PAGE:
Friday, August 27, 2010

Getting a Thicker Skin

[Author's Note: I have officially broken my hiatus and am returning, slowly, to blogging.]

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Inspiring Me Today: Mockingjay by Suzanne Collins

This is not a Mockingjay post. In fact, I'm still reading Mockingjay, so I'd just as soon avoid the subject. Thanks.

Anyway, the impetus for my return to the literal blogosphere was a need to respond to a recent rash of complaints. I've seen them everywhere, but two very recent examples were an entry on Nathan Bransford's (in)famous blog and a semi-fight on Intern Amie's twitter feed (her blog reacting to the incident here).

I guess my greatest annoyance was the use of the term "mean" in response to Amie's query postings. First, some background. Amie Cortese is not her real name. The person styling herself Intern Amie is a literary intern for an agent, and keeps herself anonymous so that all comments are free of context and she can give advice without being inundated with queries. I like this plan. It's safe and helpful for everyone.

Now, Amie does something many agents and interns do, which is critic queries live as she reviews them, giving her honest opinion of the query without giving any details/specifics. She does this on twitter using her own hashtag, #queryslam. Now, there is little doubt that the name is a big source of the frustration when it comes to Amie's posts. However, as she has said repeatedly (at least once a week), the intent was something akin to a "poetry slam." It was not meant as "slamming on queries." In fact, she often finds things she likes, or at least wants to like, and we get the good, bad, and ugly all together. It's very real and honest. I love it.

Here are some samples from her last #queryslam:

"This WWII historical has a great query, but opening pages were so expository that it reads slow & heavy. Pass. #queryslam"

I like this, because it shows how VERY important it is to have great opening pages, and how slow, expository openings can get you a quick pass.

"This nonfiction has a stellar, concise query and a compelling, no-nonsense pitch. Love it! Now on to the sample pages . . . #queryslam"

Here, she has one that works, and tells us why. The pitch is concise, compelling, and no-nonsense. That helps. So not everything is negative. A lot get passes, but then, that's life. That's how reading through queries goes. We can't all get deals, can we?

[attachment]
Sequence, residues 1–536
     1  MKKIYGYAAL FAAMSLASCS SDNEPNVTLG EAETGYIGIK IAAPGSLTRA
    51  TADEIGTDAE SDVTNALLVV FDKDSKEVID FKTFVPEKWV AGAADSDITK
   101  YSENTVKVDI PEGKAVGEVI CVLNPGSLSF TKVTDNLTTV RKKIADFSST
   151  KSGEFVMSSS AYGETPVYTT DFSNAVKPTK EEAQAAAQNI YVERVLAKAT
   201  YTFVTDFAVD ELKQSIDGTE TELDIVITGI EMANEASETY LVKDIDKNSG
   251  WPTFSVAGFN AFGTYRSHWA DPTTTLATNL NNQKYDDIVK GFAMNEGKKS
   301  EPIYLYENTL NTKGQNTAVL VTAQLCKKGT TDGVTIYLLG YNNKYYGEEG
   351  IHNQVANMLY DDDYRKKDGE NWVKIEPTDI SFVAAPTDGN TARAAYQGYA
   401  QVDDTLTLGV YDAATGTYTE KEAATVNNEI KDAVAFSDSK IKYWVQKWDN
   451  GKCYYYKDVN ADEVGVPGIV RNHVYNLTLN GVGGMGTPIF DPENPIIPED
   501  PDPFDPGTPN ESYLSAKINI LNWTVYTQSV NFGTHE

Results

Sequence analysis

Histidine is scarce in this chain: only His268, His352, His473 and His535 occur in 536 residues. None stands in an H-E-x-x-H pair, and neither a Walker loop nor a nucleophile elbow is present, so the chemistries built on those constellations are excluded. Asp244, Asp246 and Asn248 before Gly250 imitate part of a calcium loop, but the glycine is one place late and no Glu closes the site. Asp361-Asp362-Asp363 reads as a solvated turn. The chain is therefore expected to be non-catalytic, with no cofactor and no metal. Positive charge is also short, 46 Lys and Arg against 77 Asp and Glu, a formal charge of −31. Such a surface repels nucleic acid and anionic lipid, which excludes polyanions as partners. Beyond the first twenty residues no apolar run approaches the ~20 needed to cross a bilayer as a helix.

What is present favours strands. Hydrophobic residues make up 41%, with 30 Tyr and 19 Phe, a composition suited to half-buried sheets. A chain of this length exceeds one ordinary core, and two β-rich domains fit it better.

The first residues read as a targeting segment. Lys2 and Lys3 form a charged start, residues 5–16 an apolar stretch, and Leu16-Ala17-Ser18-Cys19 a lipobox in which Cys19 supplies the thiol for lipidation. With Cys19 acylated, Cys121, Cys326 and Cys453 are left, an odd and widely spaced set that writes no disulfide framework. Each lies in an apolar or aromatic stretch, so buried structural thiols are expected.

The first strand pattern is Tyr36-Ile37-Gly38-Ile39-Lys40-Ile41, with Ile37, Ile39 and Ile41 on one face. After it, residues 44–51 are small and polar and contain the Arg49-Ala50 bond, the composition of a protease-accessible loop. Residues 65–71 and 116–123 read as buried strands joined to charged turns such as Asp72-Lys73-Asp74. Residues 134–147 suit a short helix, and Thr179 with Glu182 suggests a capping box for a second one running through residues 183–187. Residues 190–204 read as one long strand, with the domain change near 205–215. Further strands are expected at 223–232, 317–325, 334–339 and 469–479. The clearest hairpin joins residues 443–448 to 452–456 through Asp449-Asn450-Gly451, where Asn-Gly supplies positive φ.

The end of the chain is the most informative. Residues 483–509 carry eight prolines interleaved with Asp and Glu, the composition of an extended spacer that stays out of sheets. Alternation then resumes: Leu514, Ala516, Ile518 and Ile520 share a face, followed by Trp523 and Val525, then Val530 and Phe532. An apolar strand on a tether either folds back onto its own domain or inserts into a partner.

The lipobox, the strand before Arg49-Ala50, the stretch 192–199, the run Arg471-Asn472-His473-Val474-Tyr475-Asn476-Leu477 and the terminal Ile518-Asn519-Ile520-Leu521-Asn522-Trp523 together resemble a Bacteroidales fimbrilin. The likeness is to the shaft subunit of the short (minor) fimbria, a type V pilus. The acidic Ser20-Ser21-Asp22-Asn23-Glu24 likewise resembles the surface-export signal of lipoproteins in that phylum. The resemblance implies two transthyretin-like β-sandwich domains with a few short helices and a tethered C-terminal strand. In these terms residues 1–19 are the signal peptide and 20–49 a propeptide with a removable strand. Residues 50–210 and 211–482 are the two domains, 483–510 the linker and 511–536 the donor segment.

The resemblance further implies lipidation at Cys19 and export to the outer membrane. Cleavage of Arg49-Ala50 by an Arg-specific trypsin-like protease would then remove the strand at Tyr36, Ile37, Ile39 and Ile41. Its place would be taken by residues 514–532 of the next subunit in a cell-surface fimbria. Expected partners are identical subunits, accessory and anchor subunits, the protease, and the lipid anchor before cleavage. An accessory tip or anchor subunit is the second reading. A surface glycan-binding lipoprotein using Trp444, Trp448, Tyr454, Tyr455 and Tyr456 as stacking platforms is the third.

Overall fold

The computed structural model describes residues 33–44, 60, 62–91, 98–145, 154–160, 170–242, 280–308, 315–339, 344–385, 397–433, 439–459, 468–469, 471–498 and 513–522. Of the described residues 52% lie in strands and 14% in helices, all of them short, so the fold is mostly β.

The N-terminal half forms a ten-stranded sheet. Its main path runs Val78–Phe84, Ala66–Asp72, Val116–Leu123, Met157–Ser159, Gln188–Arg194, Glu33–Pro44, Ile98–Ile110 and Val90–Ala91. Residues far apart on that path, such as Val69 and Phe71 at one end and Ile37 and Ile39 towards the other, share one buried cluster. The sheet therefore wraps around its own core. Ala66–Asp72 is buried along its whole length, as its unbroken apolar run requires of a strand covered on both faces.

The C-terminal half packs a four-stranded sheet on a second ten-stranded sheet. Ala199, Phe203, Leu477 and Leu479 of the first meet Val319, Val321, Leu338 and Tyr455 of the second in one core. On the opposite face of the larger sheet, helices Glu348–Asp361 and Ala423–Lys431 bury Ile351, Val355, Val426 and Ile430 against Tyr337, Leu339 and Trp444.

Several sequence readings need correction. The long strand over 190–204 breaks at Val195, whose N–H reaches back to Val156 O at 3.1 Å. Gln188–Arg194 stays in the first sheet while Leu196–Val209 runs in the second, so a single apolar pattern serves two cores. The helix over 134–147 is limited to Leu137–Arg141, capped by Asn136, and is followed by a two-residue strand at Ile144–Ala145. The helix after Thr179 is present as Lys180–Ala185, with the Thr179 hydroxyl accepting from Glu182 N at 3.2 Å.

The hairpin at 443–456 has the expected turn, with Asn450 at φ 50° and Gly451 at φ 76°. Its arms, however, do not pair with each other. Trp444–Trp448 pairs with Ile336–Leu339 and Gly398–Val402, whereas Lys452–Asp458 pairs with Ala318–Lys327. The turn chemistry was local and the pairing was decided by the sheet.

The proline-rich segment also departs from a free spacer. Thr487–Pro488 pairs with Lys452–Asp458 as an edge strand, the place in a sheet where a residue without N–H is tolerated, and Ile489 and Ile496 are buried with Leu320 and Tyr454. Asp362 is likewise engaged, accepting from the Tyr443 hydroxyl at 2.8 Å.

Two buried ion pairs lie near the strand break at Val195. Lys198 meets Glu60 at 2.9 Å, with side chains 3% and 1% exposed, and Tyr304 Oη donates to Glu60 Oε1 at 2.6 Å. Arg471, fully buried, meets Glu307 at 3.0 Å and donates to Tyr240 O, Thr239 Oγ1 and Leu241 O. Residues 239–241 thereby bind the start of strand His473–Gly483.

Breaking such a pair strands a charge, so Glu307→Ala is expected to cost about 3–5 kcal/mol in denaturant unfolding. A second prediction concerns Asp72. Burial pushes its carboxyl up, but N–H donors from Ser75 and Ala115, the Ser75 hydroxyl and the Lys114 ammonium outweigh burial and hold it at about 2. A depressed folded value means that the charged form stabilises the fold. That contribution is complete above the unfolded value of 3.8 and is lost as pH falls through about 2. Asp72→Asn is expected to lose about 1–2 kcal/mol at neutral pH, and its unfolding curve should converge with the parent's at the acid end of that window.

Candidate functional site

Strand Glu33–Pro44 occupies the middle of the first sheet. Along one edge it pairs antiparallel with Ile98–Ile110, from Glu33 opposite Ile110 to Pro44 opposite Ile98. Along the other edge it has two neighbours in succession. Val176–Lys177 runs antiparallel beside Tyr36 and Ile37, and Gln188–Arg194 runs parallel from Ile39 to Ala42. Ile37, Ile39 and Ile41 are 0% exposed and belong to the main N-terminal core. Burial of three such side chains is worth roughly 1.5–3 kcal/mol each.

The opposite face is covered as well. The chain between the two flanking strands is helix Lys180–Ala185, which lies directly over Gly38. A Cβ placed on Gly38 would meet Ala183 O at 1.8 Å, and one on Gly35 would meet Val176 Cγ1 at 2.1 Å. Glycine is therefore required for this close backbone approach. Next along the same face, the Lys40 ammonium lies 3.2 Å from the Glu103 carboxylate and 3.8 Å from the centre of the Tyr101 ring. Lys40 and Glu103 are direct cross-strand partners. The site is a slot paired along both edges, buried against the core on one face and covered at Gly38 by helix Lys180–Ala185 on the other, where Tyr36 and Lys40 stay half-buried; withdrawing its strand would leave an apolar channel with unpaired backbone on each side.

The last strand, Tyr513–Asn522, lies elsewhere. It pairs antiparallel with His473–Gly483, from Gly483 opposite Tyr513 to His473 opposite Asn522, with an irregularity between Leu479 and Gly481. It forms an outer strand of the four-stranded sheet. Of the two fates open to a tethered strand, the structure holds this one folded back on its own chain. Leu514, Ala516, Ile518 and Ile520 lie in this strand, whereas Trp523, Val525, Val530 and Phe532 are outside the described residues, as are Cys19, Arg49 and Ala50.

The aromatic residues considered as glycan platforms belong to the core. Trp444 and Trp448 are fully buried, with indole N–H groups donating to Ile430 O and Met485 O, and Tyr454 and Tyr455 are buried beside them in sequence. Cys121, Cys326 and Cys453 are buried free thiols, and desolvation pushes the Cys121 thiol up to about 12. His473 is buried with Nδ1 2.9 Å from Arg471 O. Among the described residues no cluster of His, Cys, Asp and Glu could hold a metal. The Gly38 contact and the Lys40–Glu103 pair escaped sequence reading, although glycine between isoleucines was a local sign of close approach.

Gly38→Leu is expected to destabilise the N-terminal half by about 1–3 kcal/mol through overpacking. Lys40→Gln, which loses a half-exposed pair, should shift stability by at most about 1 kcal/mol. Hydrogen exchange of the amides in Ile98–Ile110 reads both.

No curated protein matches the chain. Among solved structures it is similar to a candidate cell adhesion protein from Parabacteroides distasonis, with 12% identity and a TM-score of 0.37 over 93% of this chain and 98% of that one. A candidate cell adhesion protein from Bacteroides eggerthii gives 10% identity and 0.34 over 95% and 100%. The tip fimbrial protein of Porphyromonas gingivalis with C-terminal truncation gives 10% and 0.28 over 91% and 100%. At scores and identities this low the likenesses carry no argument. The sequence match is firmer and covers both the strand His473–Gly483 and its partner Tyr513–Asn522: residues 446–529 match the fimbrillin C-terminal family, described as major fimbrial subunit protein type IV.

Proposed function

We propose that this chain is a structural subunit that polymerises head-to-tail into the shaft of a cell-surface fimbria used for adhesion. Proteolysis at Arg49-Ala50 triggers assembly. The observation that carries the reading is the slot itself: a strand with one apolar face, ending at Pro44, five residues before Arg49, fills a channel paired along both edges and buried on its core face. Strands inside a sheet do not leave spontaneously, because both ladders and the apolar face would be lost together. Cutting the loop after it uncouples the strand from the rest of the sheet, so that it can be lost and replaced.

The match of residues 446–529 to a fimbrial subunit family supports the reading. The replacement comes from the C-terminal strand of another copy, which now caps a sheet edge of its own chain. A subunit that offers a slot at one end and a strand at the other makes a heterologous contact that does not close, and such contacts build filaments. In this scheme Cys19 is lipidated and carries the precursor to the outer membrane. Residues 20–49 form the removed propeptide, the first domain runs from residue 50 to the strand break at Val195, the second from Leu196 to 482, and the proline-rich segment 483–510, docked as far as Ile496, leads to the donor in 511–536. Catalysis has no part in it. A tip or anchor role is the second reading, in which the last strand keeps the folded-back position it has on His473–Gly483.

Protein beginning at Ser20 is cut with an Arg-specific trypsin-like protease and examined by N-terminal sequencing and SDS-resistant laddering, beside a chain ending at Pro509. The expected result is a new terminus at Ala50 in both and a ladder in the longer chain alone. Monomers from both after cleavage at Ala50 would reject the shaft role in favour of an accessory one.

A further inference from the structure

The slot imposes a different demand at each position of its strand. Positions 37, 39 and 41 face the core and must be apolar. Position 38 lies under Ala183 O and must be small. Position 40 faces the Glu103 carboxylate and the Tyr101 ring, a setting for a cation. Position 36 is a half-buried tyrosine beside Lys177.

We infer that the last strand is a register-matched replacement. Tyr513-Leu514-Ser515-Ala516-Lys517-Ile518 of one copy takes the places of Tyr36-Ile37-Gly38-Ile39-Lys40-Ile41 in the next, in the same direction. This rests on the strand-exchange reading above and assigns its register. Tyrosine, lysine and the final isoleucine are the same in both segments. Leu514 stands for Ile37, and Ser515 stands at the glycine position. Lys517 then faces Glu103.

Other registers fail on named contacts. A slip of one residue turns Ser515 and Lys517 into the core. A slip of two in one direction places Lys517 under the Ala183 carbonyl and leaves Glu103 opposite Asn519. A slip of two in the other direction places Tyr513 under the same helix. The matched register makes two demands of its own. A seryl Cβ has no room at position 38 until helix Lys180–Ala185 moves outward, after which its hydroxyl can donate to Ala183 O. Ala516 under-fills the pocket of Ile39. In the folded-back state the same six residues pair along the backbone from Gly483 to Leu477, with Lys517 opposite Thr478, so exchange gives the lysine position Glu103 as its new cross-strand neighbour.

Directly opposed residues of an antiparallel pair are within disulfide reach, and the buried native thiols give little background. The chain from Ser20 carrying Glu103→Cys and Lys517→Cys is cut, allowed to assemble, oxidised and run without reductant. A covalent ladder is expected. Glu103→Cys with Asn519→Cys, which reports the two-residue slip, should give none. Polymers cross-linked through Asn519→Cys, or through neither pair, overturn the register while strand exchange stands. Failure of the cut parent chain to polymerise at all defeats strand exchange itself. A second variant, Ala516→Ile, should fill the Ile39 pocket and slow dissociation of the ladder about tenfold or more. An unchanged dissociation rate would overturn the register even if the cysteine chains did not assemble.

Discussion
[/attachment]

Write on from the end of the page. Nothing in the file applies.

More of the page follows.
"Now a thriller, whose opening pages tell me too much about the mc's drive home from work. Uh, where's the story? Pass. #queryslam"

Perhaps this is a bit snarky, but it's also honest. There's nothing wrong with a little snark. It's not like she said, "Joe Bob's Insert Generic Book Title Here has a stupid and boring opening." No one knows who Amie even is, much less whose book it is.

After the recent hubbub, Intern Amie has now changed her hashtag to #queryfest. Hopefully this clears things up, and people will cut her some slack.

Now, in some ways juxtaposed to this (and one source the prejudice people had against the hashtag going in) are things like Slush Pile Hell. Slush Pile Hell is from another anonymous person, an agent in this case, but is wildly different in its content and purpose. Rather than going through all queries, good and bad, and explaining why one gets a pass or request, Slush Pile Hell simply posts some of the most ridiculous quotes from bad queries I've seen.

Here's a great example:

"I want an agent who’s confident to get me a 7 figure book deal or high 6 figure deal, not some bull crap deal."

The agent's response:

Funny, that’s exactly what I say to editors when I send them a proposal. Works every time."

Now, I subscribe to Slush Pile Hell and read it every day. It makes me laugh. I admit it and am not at all ashamed of myself. If you have the arrogance to say the things in these letters, I... well, I don't know what to say about that. It's just... I can't imagine anyone actually doing these things. And if you do... then read up, because this is how agents honestly react when you do them. It makes you look unprofessional, and what makes you look unprofessional is information you need to know.

I guess my general annoyance with this issue is that there seems to be a mindset that agents and editors should be holding your hand and playing nice. Here's a wakeup call for you.

Agents are business people. Book selling is a business. Yes, writing is art and books are fun and the publishing industry is full of fun people who love books, but it is still a business. Agents are generally nice people, but they are not in the business of hand holding.

But what does this have to do with sites like Slush Pile Hell? Well honestly, it's a matter of having a thicker skin. Getting upset that the agent didn't say, "You poor thing. I'm sorry. I'll try my best to make you rich, but it might not work out," is unhelpful. The truth is that honestly, the likelihood of getting a 6 or 7 figure advance is so extremely remote as to make the entire email insulting. In general, Slush Pile Hell is focused on queries with a tone or intent that is hostile or insulting to the agent: implying that the agent is going to steal the work, declaring that anything other than a huge advance is a result of a bad agent, or overt and terribly unprofessional butt-kissing. That the agent responds with a hint of "snark" or even annoyance to these is to be expected, and isn't a sign of overall "meanness."

This is the same sort of indignance people express at agents not responding, or else sending form responses. This indignance is natural, but is unhelpful. They are professionals that are in the business of selling books. If they don't want to rep your book, move on and find someone else that does. Be courteous. Be professional. And please, please... get a thicker skin.
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